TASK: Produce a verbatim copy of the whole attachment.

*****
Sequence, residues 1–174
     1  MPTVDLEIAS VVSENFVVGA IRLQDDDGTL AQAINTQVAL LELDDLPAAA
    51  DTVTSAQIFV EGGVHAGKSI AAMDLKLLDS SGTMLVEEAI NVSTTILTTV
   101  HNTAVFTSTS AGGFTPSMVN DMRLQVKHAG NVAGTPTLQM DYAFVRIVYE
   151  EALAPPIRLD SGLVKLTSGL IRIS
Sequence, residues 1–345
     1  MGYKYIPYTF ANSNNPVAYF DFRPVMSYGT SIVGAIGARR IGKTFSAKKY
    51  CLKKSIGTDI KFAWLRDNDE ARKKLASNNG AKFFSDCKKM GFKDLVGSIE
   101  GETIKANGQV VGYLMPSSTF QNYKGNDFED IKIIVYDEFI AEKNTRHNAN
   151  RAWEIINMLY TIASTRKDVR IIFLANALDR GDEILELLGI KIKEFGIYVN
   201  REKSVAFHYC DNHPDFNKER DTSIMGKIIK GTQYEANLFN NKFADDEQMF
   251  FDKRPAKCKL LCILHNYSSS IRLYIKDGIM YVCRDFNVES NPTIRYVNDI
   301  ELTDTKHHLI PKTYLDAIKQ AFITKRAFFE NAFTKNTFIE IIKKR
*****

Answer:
Sequence, residues 1–174
     1  MPTVDLEIAS VVSENFVVGA IRLQDDDGTL AQAINTQVAL LELDDLPAAA
    51  DTVTSAQIFV EGGVHAGKSI AAMDLKLLDS SGTMLVEEAI NVSTTILTTV
   101  HNTAVFTSTS AGGFTPSMVN DMRLQVKHAG NVAGTPTLQM DYAFVRIVYE
   151  EALAPPIRLD SGLVKLTSGL IRIS
Sequence, residues 1–345
     1  MGYKYIPYTF ANSNNPVAYF DFRPVMSYGT SIVGAIGARR IGKTFSAKKY
    51  CLKKSIGTDI KFAWLRDNDE ARKKLASNNG AKFFSDCKKM GFKDLVGSIE
   101  GETIKANGQV VGYLMPSSTF QNYKGNDFED IKIIVYDEFI AEKNTRHNAN
   151  RAWEIINMLY TIASTRKDVR IIFLANALDR GDEILELLGI KIKEFGIYVN
   201  REKSVAFHYC DNHPDFNKER DTSIMGKIIK GTQYEANLFN NKFADDEQMF
   251  FDKRPAKCKL LCILHNYSSS IRLYIKDGIM YVCRDFNVES NPTIRYVNDI
   301  ELTDTKHHLI PKTYLDAIKQ AFITKRAFFE NAFTKNTFIE IIKKR